Here’s the shell for the test:

public void canObtainChangeEventsFromPostgres() throws Exception {
  try (Connection connection = getConnection(postgresContainer);
      Statement statement = connection.createStatement();
      KafkaConsumer<String, String> consumer =
          getConsumer(kafkaContainer)) {

      // TODO ...

The credentials for the database connection can be obtained from the Postgres container started via Testcontainers, nicely avoiding any redundancies:

private Connection getConnection(PostgreSQLContainer<?> postgresContainer)
    throws SQLException {

  return DriverManager.getConnection(postgresContainer.getJdbcUrl(),

The same goes for the Kafka consumer:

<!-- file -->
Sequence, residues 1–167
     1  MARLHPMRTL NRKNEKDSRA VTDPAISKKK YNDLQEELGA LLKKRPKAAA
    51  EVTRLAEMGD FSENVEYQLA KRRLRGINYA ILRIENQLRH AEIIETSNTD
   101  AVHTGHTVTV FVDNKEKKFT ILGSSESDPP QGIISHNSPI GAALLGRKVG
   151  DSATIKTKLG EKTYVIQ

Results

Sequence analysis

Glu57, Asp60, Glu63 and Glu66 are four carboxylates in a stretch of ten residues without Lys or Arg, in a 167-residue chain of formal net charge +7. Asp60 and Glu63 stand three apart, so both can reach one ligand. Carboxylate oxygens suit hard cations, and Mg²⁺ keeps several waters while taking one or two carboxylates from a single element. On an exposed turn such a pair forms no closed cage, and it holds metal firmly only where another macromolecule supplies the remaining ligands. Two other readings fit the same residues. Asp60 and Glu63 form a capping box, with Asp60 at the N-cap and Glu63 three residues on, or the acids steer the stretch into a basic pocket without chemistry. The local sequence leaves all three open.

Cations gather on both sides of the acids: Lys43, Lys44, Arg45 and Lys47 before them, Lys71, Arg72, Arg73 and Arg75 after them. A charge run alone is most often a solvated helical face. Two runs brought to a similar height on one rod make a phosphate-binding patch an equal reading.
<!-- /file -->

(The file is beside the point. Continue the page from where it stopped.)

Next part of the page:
private KafkaConsumer<String, String> getConsumer(
    KafkaContainer kafkaContainer) {

  return new KafkaConsumer<>(

          "tc-" + UUID.randomUUID(),

      new StringDeserializer(),
      new StringDeserializer());

Now let’s implement the actual test logic:

statement.execute("create schema todo"); (1)
statement.execute("create table todo.Todo (" +
                    "id int8 not null, " +
                    "title varchar(255), " +
                    "primary key (id))");
statement.execute("alter table todo.Todo replica identity full");
statement.execute("insert into todo.Todo values (1, 'Learn CDC')");
statement.execute("insert into todo.Todo values (2, 'Learn Debezium')");

ConnectorConfiguration connector = ConnectorConfiguration
        .with("", "dbserver1");

        connector); (2)


List<ConsumerRecord<String, String>> changeEvents =
        drain(consumer, 2); (3)

ConsumerRecord<String, String> changeEvent = changeEvents.get(0);
assertThat(JsonPath.<Integer> read(changeEvent.key(), "$.id"))